Brain Tissue Translational Resource | BTTR
William H. Yong, MD
William Yong, MD, BTTR Director
Day-to-day technical contacts:
Matt Bowen Wei
The Brain Tumor Translational Resource (BTTR) is a biorepository and resource that supports brain tumor research at UCLA, other academic centers, brain tumor consortia, and industry. It is committed to to providing its researchers and physicians with tangible brain tumor resources they may draw upon to complete their research. The BTTR provides researchers access to de-identified clinical resources and tissue on consented patients who have been diagnosed with a Primary Adult Brain Tumor. These bio-specimen resources can include blood, cell culture, stained and un-stained slides, paraffin tumor blocks, frozen tissue, DNA and RNA. Our goal is to facilitate the research that aids in the diagnosis and treatment of brain cancer. .
How does collecting tumors work? In the operating rooms at UCLA, neurosurgeons may resect tumor and provide it to the neuropathologists to evaluate. If appropriate, blood and urine may be collected at the start of surgery. Once it has been established that there is sufficient tumor for pathologic diagnosis, tumor tissues are collected from the operating room and kept on ice till it can be processed which is as rapidly as possible. Depending on the protocol for a case, tissue may be stored in RNA stabilizers, frozen down in liquid nitrogen, cultured under standard or stem cell conditions, or fixed in formalin. Fresh tumor tissue may be directly disbursed to researchers if the patient has consented and their IRB protocols permit it. Tissue fixed in formalin undergoes additional processing to form a paraffin block, often known as formalin fixed paraffin embedded (FFPE) block. For long term storage, most materials are stored as frozen tissue or as FFPE blocks. We also receive and store patient biosamples from outside centers.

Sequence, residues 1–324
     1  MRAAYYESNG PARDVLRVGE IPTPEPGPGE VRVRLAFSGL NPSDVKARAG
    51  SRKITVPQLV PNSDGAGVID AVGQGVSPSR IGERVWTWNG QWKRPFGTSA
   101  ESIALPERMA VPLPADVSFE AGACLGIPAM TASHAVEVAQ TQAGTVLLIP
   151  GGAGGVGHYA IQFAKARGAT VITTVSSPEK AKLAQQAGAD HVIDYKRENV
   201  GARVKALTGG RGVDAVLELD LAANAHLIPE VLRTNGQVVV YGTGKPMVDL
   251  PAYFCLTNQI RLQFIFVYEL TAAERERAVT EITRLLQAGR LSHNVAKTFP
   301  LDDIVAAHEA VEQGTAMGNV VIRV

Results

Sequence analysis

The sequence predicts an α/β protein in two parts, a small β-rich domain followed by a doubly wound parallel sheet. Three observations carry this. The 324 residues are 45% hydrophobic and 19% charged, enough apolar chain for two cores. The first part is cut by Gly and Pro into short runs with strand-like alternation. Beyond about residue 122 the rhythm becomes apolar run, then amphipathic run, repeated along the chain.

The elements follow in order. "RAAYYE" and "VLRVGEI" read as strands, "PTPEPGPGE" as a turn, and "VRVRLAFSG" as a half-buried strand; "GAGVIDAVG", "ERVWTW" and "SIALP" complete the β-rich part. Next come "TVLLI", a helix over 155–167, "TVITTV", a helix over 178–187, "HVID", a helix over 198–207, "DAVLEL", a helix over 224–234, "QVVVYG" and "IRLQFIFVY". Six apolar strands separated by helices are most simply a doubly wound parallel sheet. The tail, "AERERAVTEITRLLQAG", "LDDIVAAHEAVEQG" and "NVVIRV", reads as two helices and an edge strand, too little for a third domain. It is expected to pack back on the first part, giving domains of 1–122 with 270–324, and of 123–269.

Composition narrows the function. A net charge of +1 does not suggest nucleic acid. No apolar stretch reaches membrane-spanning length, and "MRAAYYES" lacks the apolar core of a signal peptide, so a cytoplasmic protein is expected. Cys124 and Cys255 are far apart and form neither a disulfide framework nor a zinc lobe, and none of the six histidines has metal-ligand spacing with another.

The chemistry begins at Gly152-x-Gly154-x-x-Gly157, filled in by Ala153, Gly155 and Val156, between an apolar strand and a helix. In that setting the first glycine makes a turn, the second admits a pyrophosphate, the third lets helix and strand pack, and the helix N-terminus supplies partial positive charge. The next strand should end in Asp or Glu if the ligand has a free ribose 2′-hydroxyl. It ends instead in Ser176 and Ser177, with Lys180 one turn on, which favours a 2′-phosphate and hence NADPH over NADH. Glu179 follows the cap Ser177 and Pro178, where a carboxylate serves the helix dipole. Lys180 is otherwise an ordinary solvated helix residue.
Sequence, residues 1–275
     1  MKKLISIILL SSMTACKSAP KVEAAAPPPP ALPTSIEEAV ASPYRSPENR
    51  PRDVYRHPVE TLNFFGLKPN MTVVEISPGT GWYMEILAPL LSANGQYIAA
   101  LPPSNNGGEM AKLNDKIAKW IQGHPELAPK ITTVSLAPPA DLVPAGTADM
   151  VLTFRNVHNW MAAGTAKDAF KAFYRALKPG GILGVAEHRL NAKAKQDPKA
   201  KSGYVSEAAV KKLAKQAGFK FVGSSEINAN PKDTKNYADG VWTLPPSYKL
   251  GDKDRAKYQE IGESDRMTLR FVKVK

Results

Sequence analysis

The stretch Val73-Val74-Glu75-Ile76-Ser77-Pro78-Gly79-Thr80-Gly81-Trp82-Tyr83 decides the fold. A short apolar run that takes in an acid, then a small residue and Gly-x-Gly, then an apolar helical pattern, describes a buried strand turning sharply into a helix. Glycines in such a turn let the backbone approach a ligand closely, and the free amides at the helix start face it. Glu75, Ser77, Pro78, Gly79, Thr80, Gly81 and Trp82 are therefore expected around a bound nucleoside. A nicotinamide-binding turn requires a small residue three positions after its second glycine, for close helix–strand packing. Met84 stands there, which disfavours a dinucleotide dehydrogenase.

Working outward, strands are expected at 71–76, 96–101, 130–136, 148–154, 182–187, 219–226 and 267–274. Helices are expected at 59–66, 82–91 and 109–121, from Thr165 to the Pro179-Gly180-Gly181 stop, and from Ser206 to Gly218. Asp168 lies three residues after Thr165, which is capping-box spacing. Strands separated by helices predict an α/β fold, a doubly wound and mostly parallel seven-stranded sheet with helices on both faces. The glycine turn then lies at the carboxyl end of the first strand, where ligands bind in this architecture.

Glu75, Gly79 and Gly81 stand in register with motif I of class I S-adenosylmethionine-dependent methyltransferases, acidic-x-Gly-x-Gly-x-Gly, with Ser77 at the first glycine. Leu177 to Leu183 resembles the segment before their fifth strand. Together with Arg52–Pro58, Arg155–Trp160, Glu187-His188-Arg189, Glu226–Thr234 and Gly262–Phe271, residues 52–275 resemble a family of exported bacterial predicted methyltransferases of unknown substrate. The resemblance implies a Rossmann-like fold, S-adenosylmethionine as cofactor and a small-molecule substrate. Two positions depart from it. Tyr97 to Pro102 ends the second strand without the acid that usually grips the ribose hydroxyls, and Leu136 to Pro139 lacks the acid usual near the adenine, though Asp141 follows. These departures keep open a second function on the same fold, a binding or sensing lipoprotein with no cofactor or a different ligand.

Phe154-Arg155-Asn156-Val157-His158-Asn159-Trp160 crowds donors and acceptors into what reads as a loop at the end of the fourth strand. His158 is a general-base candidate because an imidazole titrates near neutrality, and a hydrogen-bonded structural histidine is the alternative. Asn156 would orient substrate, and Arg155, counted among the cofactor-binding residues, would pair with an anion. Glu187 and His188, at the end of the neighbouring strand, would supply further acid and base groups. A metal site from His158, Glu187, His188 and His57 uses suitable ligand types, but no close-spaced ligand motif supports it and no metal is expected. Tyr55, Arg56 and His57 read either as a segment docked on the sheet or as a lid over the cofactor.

Depending on your IRB protocol, biospecimens may be provided with different research identifiers to enable you to obtain relevant clinical or molecular data. Please keep careful track of these identifiers that we provide and maintain the link with the specimen that we give to you. It is crucial to our ability to provide you accurate molecular stratification information or survival data for example. One or two mislabeled cases can potentially skew the data on your important project. Careful labeling of biospecimens or their derivatives as you do your work is very important. Some basic principles are strongly recommended:
If you are new to the UCLA brain tumor research community whether a principal investigator, technician, postdoc, or grad student, please contact us to discuss how we can help you. Patients of course are always very welcome to ask questions of us.
The BTTR also helps to prepare future generations of physicians and scientists. Undergraduates, lab technicians, and visiting scholars both support the mission of brain tumor research and gain valuable experience for the future. We thank them for their dedication and hard work. We congratulate our lab alumni who have matriculated into medical, other graduate, and residency programs. We wish them the best of success in helping our patients and our world get better.